Meet Hightype, the type foundry for three-dimensional fonts
- Jyni Ong
- 1 July 2019
The type fans among us may have been wondering what the next big thing in typography is, and maybe this is it? In the last few decades, the industry has moved from strength to strength with the likes of variable fonts and reversed contrast typefaces informing the latest contemporary designs, but now, are we entering the era of three-dimensional type?
Hightype is a type foundry strictly for three-dimensions, founded by Manuel Rossner in Berlin and launched just last week, at the end of June. At the moment, its two main purposes consist of lowpoly-models for games and websites as well as smoother versions for print and video. Manuel tells It’s Nice That: “Its possible applications are promising, ranging from VR typography games to augmented reality to interactive websites and high-resolution brand imagery.”
The idea for Hightype came about when Manuel was working on two separate graphic design projects which both revolved around three-dimensional type and its deconstruction. “When I was modelling the necessary characters for the second time, I was looking for existing fonts but couldn’t find any, so I started wondering whether I could create them,” says Manuel. He shared the idea with friend and fellow designer Johannes Breyer (co-founder of Dinamo) who reciprocated his enthusiasm, and even offered to use a specifically modified version of Monument Grotesk for the type foundry’s first release. “And that’s when I knew I had to pursue the idea” adds Manuel.
“Typography occupies such a wonderful spot between the abstract, the concrete and even the haptic,” explains the founding designer. Combining an interest in graphic design and spatial practices, one of Manuel’s fundamental aims for the project lies in “inviting designers to profit from the rich world of three-dimensional tools,” not to mention seeing and appreciating what said designers come up with as a result. “I also want to create a platform for knowledge and inspiration in the field,” Manuel adds on the matter.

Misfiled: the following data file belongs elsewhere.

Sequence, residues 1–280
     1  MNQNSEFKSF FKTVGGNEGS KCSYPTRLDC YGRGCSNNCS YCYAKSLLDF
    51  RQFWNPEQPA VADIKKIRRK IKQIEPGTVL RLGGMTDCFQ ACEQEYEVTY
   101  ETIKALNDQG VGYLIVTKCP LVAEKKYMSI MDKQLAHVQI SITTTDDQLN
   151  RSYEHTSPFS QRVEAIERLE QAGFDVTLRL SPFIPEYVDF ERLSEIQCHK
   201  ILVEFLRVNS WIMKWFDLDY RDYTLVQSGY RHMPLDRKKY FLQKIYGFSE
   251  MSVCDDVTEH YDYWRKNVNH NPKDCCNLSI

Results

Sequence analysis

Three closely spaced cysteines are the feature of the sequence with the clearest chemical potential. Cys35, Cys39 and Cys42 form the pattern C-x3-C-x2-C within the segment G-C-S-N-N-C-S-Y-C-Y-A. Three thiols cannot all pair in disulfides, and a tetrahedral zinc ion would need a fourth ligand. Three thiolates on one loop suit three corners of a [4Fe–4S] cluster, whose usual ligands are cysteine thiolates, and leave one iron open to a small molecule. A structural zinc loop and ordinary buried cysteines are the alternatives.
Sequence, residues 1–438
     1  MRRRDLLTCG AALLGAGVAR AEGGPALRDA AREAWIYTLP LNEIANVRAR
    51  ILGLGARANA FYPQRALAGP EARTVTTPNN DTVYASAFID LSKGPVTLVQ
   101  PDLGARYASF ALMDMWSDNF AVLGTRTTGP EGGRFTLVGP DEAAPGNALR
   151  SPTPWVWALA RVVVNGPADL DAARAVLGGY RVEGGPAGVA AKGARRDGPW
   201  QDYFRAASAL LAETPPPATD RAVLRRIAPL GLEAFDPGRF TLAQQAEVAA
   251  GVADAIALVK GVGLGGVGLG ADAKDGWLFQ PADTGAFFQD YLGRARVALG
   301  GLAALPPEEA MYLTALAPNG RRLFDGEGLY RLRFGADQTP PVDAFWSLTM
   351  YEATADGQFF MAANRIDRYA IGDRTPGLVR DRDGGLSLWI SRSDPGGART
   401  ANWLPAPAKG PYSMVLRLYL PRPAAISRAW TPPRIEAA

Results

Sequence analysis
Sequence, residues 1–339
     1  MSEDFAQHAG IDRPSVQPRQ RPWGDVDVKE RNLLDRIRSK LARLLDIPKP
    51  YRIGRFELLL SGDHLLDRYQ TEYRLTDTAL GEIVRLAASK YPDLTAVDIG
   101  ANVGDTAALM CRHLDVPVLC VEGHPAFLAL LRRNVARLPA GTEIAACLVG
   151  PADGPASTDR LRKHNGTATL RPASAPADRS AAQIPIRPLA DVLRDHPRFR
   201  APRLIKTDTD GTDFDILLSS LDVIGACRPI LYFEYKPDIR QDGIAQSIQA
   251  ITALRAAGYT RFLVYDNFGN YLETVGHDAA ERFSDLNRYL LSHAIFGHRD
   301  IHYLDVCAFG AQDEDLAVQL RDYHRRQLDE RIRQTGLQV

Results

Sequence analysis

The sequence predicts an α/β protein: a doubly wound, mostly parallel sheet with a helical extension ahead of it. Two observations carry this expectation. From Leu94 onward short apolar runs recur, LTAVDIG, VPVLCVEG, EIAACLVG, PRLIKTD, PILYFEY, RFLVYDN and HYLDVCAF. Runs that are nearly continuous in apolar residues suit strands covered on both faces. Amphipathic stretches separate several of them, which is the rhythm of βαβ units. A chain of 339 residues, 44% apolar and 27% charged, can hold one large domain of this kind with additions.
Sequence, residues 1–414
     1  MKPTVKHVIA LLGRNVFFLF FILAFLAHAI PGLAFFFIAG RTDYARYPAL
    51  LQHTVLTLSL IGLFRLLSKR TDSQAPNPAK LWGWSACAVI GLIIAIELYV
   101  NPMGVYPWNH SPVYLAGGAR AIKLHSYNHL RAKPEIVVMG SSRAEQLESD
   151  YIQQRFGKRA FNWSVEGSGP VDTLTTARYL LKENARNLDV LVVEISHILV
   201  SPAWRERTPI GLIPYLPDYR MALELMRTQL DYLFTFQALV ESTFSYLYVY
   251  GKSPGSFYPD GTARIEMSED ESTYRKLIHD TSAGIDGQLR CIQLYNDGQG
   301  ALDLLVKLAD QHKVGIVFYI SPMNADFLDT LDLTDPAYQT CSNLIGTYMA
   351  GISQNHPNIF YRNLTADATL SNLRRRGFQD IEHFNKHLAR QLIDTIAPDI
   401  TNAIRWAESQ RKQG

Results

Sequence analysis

For any designer working with two-dimensional type, an added third dimension offers an entirely new perspective on the letterforms and the way they are typeset. Not to mention the fact that whole new virtual worlds and aesthetic playgrounds also open up across digital three-dimensional planes. “Technology is moving so fast towards spatial experiences, there’s a lot of unexplored territories and three-dimensional type has its place there,” adds Manuel on the future of type design and the inevitable move towards new realities.
For the next stage of Hightype’s development, Manuel hopes to release a 3D-printed version of the new type foundry’s products. But with the first release, the type designer stayed very close to the two-dimensional form of Monument Grotesk. “I named it HT Standard because it can be modified in an unimaginable amount of ways,” he explains. Manuel demonstrates precisely this with a variety of videos seen throughout this article, proving that the new possibilities within three-dimensional type design are seemingly infinite – we can’t wait to see what else is to come.
About the Author
Jyni joined It’s Nice That as an editorial assistant in August 2018 after graduating from The Glasgow School of Art’s Communication Design degree. In March 2019 she became a staff writer and in June 2021, she was made associate editor.